A Story About NH’s Armor: What Does the State’s Tidal Shoreline Actually Look Like?

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NHDES Coastal Program staff Hannah Blondin contemplates a berm on Route 1A in Rye.

This is the seventh story in the Shoreline Management Story Series, sponsored by the New Hampshire Coastal Program, the Great Bay National Estuarine Research Reserve, and the New Hampshire Coastal Adaptation Workgroup.

It was the summer of 2015, and Hannah Blondin was walking the shoreline. Find out what Hannah saw by jumping to our story map about the NH Inventory of Tidal Shoreline Protection Structures. CLICK HERE.

For a little more info:

A new spatial dataset documenting the type of New Hampshire’s tidal shoreline protection structures along the state’s tidal shoreline is now available for download and viewing on the N.H. Coastal Viewer and NH Granit. New Hampshire Department of Environmental Services staff identified and digitized the location of rip rap, walls, berms, and jetties along 326 miles of tidally-influenced shoreline using aerial photography and field verification. This effort found that 12 percent of the New Hampshire shoreline is hardened by some type of engineered armoring structure. Coastal professionals can now use this dataset in shoreline vulnerability assessments, which will aid efforts to identify candidate sites for living or hybrid shoreline protection approaches that may better protect public safety in the state and sustain natural, economic, and cultural resources.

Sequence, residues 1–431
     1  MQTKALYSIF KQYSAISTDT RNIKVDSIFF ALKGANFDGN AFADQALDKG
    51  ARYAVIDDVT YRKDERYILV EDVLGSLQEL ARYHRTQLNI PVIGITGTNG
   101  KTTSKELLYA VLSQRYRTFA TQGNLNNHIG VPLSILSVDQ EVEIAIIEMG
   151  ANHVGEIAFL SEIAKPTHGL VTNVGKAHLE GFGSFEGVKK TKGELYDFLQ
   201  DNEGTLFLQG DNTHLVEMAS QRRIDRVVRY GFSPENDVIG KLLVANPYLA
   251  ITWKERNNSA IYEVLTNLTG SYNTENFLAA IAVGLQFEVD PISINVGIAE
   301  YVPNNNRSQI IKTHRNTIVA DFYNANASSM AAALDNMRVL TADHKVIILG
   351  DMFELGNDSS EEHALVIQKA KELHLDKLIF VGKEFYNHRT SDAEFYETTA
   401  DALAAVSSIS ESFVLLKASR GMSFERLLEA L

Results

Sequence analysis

Click here to explore the Inventory in the N.H. Coastal Viewer.

Click here to read the report.

Hannah takes a hard look at the rip rap at Peirce Island.

Hannah takes a hard look at the rip rap at Peirce Island.

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